'Zoe and Ella would be alive if I'd been involved in husband's care'
A mother whose daughters were killed by her husband in a murder-suicide believes they would be alive today if she had been involved in his mental health treatment.
John Butler, who had been receiving treatment for depression, took his own life after he killed daughters Ella (2) and Zoe (6) in the family home.
Speaking at a symposium on media coverage of mental health stories at the University of Limerick, Una Butler called for accurate and sensitive reporting of murder-suicide cases.
"I can understand that people just cannot comprehend or don't want to read about it and that is why it is so important that when murder-suicide cases are being reported on that it should be reported accurately and in a sensitive manner - no sensationalising, no glamorising of the events," Ms Butler said.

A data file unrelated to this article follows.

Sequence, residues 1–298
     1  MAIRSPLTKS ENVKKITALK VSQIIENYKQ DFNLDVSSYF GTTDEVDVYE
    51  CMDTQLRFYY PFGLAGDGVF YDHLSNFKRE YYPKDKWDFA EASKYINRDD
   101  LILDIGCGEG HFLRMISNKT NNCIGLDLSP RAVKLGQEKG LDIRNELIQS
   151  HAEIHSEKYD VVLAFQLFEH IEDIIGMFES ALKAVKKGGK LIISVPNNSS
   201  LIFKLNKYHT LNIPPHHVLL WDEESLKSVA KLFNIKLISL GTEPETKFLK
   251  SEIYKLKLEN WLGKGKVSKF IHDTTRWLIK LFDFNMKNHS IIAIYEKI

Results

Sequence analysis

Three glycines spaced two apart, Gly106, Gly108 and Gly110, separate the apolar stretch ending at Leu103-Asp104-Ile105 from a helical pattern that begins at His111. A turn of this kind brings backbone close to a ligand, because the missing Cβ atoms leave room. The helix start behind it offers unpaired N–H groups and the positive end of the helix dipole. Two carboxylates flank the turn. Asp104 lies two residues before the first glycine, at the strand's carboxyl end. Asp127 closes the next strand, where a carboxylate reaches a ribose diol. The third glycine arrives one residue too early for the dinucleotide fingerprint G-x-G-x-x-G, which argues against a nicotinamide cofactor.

"People and society have a right to know how often these cases are happening."
Ms Butler has advocated for reform of the Mental Health Act since the tragic deaths of her family in Ballycotton, Co Cork, on November 16, 2010.
She believes her children would "still be alive" had she been involved in her husband's treatment - and said she "turned to the media" in seeking a detailed investigation.
She said: "Why is a person treated in isolation?
"They're not living in isolation, and the family are there to support them."
She added: "I believe Zoe and Ella would be alive today.
"My husband (had) never hurt me; he was suffering with a psychiatric illness.
"I believe had I been involved in his treatment...he may have been treated differently.
"I should have been educated about his illness."